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Mineral / elemen

Mineral
Major minerals :
mineral nutrients found in the human body in
amounts larger than 5 g. Sometimes called
macrominerals
Trace mineral :
mineral nutrients found in the human body in
amounts less than 5g. Sometimes called
microminerals.
Characteristics

• Inorganic,
• Optimal intake (essential, but can also be
toxic)
• Bioavailibility
• Specivity
• Amplification of action
• Homeostatis
• Interaction
Functions
• Found in every living cell
• Cofactors in numerous enzymatic reactions
• Serve in the :
- maintenance of pH, osmotic pressure, nerve
conductance, muscle contraction,blood
clotting, energy production, and in almost of
every aspect of life.
Food sources

The trace mineral contents of food depend on


soil and water composition.
Furthermore, many factors in the diet and
within the body affect the mineral’s
bioavailability
Bioavailability refers to the rate at and the
extent to which a nutrient is absorbed and used
Bioavalibility
• Defined as the percent of the consumed mineral that
enters via the intestinal absorptive cells and is used
for its intended purpose

• Refers to the rate at and the extent to which a nutrient


is absorbed and used

• Includes not only how much of a consumed minerals


enters the body, but also how much is retained and
available for use.
Deficiencies

Severe deficiencies of the better-known minerals are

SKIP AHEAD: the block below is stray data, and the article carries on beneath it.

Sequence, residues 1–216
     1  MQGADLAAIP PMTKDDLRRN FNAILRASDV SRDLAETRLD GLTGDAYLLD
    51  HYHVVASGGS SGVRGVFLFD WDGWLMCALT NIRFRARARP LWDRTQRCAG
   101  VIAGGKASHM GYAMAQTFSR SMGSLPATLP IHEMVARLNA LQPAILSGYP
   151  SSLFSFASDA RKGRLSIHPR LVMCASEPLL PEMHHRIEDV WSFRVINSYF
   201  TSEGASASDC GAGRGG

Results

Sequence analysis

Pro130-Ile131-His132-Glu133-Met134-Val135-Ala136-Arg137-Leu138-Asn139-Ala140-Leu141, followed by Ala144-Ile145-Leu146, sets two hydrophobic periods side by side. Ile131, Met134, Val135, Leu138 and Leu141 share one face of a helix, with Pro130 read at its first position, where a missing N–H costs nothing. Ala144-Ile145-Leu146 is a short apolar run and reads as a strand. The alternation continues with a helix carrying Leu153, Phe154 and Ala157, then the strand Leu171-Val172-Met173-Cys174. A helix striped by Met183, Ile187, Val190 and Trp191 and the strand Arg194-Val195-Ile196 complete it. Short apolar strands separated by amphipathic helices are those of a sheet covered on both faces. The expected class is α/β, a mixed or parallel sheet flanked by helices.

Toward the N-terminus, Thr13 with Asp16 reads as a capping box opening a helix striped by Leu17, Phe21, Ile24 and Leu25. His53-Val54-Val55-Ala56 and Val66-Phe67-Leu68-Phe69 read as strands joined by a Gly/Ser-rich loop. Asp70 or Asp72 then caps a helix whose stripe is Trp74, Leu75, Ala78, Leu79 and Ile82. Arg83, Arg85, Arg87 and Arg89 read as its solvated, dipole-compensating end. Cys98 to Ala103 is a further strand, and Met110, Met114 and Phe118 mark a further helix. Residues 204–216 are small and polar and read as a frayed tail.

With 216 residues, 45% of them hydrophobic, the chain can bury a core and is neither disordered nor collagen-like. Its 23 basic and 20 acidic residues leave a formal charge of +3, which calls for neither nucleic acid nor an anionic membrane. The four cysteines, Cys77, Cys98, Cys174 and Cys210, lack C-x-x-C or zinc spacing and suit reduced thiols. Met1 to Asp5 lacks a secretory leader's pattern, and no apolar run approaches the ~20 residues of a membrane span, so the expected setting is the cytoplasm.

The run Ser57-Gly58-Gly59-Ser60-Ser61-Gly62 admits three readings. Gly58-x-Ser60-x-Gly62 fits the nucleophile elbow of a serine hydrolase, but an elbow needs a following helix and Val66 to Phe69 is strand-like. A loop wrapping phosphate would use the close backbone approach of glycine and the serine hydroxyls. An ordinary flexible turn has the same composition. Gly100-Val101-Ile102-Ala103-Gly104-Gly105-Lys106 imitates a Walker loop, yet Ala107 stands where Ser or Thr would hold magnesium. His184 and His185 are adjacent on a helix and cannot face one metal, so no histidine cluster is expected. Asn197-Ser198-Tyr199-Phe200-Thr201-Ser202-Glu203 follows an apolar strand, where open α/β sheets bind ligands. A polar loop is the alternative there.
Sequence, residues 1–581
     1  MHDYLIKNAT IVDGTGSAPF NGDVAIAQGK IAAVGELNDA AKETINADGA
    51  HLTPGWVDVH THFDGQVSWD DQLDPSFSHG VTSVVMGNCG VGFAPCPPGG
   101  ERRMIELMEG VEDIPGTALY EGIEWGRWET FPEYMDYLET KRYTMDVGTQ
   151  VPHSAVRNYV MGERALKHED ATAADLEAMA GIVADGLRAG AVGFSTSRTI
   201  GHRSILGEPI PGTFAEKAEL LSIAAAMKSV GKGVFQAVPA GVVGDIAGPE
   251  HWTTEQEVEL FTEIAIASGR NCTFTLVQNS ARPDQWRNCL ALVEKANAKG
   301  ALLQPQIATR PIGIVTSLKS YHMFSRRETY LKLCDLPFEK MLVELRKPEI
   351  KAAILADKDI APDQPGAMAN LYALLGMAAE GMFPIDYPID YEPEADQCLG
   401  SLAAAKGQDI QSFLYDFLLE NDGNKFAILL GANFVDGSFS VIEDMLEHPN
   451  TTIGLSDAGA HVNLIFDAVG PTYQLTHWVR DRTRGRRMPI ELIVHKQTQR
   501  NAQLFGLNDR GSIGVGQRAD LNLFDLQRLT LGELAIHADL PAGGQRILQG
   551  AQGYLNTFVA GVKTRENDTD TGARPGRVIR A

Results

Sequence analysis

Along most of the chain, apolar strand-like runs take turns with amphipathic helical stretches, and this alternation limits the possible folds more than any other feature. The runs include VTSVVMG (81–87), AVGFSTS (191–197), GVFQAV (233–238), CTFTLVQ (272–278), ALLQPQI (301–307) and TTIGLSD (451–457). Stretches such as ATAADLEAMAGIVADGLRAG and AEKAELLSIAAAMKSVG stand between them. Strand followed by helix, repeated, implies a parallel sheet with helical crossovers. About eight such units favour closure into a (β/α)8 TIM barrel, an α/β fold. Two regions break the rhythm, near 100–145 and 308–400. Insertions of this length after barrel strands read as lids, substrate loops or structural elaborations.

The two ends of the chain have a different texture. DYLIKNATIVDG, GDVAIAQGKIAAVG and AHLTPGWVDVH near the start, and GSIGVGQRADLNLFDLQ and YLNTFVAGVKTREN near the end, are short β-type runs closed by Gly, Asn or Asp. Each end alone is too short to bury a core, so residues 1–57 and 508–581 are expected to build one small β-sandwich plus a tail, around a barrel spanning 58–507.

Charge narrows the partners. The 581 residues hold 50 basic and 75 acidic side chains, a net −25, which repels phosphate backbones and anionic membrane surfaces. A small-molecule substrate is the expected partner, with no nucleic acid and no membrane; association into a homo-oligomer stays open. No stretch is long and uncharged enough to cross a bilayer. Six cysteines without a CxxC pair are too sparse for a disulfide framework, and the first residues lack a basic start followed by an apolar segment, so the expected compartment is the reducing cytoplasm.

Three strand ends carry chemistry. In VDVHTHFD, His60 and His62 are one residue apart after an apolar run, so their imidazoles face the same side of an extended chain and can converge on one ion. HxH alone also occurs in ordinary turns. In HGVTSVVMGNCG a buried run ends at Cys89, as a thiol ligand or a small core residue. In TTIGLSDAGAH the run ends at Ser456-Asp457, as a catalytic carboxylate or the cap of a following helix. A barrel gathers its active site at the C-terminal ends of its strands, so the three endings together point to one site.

easy to recognize. Deficiencies of the others may be
harder to diagnose.
Mild deficiencies are easy to overlook
In general, the most common result of a deficiency is
failure of children to grow and thrive.
Toxicities
Some of the trace minerals are toxic at intakes not
far above the estimated requirements.
Thus it is important not to habitually exceed the
upper level of recommended intakes
Determination of Dietary Reference Values
Determination of Dietary Reference
computing
Values -2
average requirement
proportion of population

mean ± 2 sd = 95% range

threshold reference
intake intake

intake to meet requirement

Micronutrients-1-Hertanto 
Interactions
Interactions among the trace minerals are common
and often lead to nutrient imbalances.
An excess of one may cause a deficiency of another.
A deficiency of one may open the way for another to
cause a toxic reaction.
A deficiency of one may exacerbate the problems
associated with the deficiency of another.
Interlocking gear system
Mineral antagonisms
Vitamin & Mineral interactions